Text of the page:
Our Powerful Engine to Naturally Destroy Disease-Causing Proteins
Our bodies have a natural mechanism — proteasomal degradation — for disposing of unwanted proteins. During this process, ubiquitin, a small, regulatory molecule found in almost all human cells, attaches to a protein and signals the protein transport machinery to ferry it to the proteasome for degradation and disposal.
Targeted protein degradation, which harnesses this ubiquitin-proteasome machinery to completely remove disease-causing proteins, is viewed by many as the most promising new therapeutic modality since CRISPR gene editing and RNAi therapeutics. It involves designing small molecules with two active ends: one that binds to the target protein of interest and the other to the right E3 ubiquitin ligase.
Kymera takes a systematic and rational approach to designing these molecules using our Pegasus™ platform. By continually increasing our understanding of how protein degradation works, we accelerate access to novel E3 ligase biology and binders, become more effective in identifying druggable targets likely to benefit from therapeutic intervention and discover and develop potent and specific drugs in a disease agnostic manner.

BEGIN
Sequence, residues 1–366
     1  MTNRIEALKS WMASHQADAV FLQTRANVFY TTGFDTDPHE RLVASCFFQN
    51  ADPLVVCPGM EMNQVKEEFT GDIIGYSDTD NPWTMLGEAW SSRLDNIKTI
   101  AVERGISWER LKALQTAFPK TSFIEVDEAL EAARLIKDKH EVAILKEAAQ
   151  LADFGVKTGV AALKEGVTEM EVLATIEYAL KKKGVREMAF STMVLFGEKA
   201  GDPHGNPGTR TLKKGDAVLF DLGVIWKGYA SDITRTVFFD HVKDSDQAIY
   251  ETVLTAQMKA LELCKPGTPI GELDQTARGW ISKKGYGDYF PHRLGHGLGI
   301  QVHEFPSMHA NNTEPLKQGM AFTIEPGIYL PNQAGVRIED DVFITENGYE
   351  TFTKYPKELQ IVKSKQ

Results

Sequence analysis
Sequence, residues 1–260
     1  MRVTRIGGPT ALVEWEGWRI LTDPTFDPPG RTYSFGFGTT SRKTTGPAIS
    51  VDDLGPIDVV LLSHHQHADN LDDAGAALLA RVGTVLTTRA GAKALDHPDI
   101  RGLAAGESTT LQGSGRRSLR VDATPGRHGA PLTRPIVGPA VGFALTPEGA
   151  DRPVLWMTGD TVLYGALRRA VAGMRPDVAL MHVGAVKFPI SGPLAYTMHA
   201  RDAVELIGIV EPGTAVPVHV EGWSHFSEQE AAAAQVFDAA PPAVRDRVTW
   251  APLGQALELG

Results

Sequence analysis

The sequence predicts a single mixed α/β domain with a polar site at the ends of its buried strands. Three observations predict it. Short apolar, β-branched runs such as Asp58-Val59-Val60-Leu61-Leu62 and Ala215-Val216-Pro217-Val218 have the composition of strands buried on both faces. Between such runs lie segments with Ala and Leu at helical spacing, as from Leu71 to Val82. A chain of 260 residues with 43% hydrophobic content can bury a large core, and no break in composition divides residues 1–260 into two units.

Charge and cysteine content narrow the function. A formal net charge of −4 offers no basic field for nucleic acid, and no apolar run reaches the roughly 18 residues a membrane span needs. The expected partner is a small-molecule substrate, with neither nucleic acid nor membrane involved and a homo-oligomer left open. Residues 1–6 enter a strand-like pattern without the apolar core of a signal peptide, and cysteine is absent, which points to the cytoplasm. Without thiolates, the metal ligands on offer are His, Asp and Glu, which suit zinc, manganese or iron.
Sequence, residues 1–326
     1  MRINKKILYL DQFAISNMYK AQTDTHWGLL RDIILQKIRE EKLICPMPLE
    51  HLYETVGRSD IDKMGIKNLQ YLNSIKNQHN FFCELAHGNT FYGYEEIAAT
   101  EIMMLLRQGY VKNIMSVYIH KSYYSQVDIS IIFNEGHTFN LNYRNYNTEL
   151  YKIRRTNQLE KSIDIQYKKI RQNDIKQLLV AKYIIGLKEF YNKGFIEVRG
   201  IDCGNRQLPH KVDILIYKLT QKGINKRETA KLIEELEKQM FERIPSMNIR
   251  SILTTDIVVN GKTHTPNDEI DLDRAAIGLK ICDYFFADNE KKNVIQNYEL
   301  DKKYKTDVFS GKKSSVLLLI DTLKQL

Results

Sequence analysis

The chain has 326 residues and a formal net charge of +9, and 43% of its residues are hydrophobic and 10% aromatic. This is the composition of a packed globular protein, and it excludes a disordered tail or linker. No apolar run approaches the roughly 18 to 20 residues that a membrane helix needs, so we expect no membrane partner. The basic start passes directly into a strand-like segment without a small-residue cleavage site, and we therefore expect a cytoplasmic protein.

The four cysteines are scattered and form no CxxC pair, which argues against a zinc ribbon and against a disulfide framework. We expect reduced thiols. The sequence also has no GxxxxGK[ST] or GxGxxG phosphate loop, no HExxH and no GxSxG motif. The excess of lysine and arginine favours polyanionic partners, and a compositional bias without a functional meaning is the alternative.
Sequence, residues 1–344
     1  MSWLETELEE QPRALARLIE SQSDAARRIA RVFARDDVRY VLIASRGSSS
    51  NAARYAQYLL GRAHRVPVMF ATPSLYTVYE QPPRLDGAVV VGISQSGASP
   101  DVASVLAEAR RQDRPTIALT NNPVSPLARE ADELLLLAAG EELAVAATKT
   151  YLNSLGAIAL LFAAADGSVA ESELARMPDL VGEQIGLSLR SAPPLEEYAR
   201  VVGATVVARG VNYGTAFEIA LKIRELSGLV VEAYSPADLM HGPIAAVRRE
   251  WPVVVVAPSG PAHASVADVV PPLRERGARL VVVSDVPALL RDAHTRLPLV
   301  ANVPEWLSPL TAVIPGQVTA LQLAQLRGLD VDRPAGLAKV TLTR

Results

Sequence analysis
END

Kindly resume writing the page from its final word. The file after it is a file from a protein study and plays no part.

Algorithm-based prediction model
Proprietary E3 Ligase toolbox
State-of-the-art degradation assays
Premier in silico & structural biology
Comprehensive ligandability assessment
Expanding the Druggable Universe
Conventional small-molecule and antibody drugs can access only about 10-20% of the proteins in the human body. In addition, though the ubiquitin-proteasome process has more than 600 E3 ligases, only a handful of them have been liganded. Our novel E3 ligase/binder identification capabilities open a vast and fertile territory to discover drug candidates for many intractable diseases that other therapeutic modalities cannot address.